PIM-SM scales well to a network of any size including those with WAN links. The explicit join mechanism will prevent unwanted traffic from flooding the WAN links.

Sparse-dense Mode

Cisco has implemented an alternative to choosing just dense mode or just sparse mode on a router interface. This was necessitated by a change in the paradigm for forwarding multicast traffic via PIM that became apparent during its development. It turned out that it was more efficient to choose sparse or dense on a per group basis rather than a per router interface basis. Sparse-dense mode facilitaitates this ability.

Network Administrators can also configure "sparse-dense" mode. This configuration option will allow individual groups to be run in either sparse or dense mode depending on whether RP information is available for that group. If the router learns RP information for a particular group it will be treated as sparse mode, otherwise that group will be treated as dense.

Multiprotocol Border Gateway Protocol (MBGP)

MBGP provides a method for providers to distinguish which route prefixes they will use for performing multicast RPF checks. The RPF check is the fundamental mechanism that routers use to determine the paths that multicast forwarding trees will follow and successfully deliver multicast content from sources to receivers.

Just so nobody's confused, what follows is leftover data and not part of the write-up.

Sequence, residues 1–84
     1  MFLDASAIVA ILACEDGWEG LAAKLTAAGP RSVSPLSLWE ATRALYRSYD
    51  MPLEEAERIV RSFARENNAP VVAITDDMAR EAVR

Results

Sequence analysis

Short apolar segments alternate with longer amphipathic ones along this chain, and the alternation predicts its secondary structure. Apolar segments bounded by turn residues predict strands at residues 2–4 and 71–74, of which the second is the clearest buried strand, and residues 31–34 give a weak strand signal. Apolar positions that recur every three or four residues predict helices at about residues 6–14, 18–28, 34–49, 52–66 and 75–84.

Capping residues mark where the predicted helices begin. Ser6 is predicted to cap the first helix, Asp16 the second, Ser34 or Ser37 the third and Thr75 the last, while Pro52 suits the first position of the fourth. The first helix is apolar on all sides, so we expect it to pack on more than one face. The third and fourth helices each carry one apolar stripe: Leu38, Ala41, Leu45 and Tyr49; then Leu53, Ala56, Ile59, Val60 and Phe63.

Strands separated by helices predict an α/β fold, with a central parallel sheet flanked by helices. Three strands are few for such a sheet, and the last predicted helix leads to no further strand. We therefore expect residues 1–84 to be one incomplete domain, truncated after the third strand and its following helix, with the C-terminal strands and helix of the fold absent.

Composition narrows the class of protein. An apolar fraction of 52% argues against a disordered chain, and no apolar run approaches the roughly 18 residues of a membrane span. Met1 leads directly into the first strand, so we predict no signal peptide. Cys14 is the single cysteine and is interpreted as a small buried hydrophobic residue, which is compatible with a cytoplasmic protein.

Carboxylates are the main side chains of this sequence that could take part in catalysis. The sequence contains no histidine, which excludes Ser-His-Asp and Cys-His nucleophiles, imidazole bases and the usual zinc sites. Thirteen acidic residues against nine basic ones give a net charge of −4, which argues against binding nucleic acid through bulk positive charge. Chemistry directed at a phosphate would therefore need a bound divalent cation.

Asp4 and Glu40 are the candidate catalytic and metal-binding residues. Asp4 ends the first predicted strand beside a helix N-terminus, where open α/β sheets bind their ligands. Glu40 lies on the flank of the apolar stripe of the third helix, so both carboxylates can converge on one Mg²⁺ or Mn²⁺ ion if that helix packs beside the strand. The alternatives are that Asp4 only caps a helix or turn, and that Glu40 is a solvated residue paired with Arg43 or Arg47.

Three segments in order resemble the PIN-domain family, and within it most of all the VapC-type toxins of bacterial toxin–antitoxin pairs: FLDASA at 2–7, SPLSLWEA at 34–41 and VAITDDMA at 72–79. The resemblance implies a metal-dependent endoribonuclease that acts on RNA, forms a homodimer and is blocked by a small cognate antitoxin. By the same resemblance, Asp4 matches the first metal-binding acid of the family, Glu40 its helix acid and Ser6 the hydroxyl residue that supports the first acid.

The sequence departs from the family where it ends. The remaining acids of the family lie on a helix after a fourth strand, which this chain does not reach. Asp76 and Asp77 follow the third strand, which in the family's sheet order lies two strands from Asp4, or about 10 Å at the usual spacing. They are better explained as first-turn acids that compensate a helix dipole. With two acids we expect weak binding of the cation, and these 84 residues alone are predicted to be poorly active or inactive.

MBGP is based on RFC 2283, Multiprotocol Extensions for BGP-4. Since MBGP is an extension of BGP it brings along all the administrative machinery that providers and customers like in their inter-domain routing environment. Including all the inter-AS tools to filter and control routing (e.g. route maps). Therefore, by using MBGP, any network utilizing internal or external BGP can apply the multiple policy control knobs familiar in BGP to specify routing (and thereby forwarding) policy for multicast.